I can’t believe the year is almost over. 2020 felt endless. Between work, taking care of my child, releasing a new book, various writing assignments, and everything that life did to me, my free time was really limited. I usually don’t get the chance to play games until after my child falls asleep, so I’ve been looking for different gaming experiences than usual (I think in the past few years, long epic journeys with tragically poignant stories, i.e. JRPGs, have been my favorite Met w ith approval). This year? I wanted a mental break from the uninterrupted flood of everyday life. These were the five games that I liked the most.
Resident Evil 3
The original Resident Evil 3 was my least loved game on the show. The remake quickly became one of my favorites. For the ultimate adrenaline rush, this is a zombie infested roller coaster that never loses track of its purpose of killing Jill whenever possible. From the moment Nemesis slams through the wall of Jill’s apartment while she is on the phone, to the relentless pursuit the monster takes on through Raccoon City, this is the zombie apocalypse distilled from her most basic instruction. survive by any means necessary. Other entries in the series usually feature some grim comments about human nature and their insatiable inexplicable urge to self-destruct; Don’t humans already have enough opportunities to kill each other without developing bioweapons? The original Resident Evil 3
Streets of Rage 4
A brilliant addition to one of the best console brawling series, Streets of Rage 4 Will justice be delivered fist for fist as the party fights corruption in the form of a new enemy, the Y-twins? Their shameful act involves using music to brainwash the masses (they could have just used social media!). The controls are nifty, the battles flow freely, and there’s a sublime rhythm that feels like a natural evolution from past games. Small details caught my attention, like the arcades with the Ankle only Logos on them (the Japanese name for Streets of anger) and the way one of the bosses asks for police assistance that arrives with a driver and a bazooka to nod the first one Streets of anger. Has it really been thirty since the first game came out? I still remember loading the cartridge into my Sega Genesis and fighting my way through a barrage of enemy thugs. The best sequels pull on the nostalgic strings while they break through with new moves. Streets of Rage 4 makes both almost perfect.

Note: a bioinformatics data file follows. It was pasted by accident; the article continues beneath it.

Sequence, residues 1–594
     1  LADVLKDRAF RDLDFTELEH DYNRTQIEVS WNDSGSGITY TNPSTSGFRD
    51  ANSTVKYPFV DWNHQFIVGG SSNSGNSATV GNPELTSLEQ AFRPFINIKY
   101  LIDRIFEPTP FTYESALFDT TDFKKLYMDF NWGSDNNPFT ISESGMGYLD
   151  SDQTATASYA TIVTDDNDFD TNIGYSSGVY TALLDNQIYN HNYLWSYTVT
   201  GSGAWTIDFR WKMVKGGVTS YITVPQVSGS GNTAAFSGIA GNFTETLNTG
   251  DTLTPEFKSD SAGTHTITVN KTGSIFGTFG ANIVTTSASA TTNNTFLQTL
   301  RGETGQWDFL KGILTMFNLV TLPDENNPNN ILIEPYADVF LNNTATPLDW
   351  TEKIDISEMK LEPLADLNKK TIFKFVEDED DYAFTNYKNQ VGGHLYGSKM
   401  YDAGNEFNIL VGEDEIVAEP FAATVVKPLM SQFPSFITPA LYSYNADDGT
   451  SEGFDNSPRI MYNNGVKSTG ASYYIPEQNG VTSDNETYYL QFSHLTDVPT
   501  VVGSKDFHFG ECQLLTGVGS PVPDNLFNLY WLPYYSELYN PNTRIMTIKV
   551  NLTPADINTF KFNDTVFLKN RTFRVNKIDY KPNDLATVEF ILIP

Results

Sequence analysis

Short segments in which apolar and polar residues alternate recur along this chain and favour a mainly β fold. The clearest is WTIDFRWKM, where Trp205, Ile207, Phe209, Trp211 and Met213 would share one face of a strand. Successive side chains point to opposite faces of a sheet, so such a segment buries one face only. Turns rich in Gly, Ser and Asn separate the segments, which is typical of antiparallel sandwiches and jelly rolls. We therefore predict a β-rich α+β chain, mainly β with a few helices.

Ys: Memories of Celceta
Thanks to Fahey, I really enjoyed that Ys Series. Ys VIII
Murder by Numbers
Last year, I interviewed the composer from Ghost trick, Masakazu Sugimori in Kotakuwhich was a real treat when i listened Ghost tricks EAST all the time. We have communicated online several times since then and I was very excited to hear that he was working on a brand new game called Murder by Numbers. I had no idea what to expect but recorded it when it released earlier this year and I was pleasantly surprised to get a mystery game that featured a lot of Picross. I’ve never played Picross before, so it was a new experience for me to work out pictures by deciphering clues tied to numbers. But there’s an elegance in this fusion that somehow creates one of the most interesting games of 2020. Ehre Mizrahi and her robot partner SCOUT form an unlikely duo. As the puzzle worsened, I was forced by both the characters and the tricky nonagrams. Who would have thought numbers and murder could be so addicting?
Yakuza: Like a dragon
I was supposed to be going to Japan this year to publish the foreign version of my latest novel. I only went once and we looked forward to another visit. Obviously everything changed as travel was no longer possible. But because I was looking forward to it, the latest Yakuza struck a chord for me. It was as if I were there on behalf of me. True, I’m not a gangster and I don’t do turn-based battles with strangers to gain experience points and road credit. But the latest entry in the series wowed me with its eccentric characters and complex storyline where a man raps over a crime he did not commit, a major rivalry between yakuza families and a conspiracy in which it is not clear who you can trust. I have big problems arguing with cinephiles about how I like certain yakuza films even more than the Godfather trilogy (incredible as it is), and I would go as far as to include the games as well. There’s nothing quite like one Yakuza Game, and in this case nothing Like a dragon either.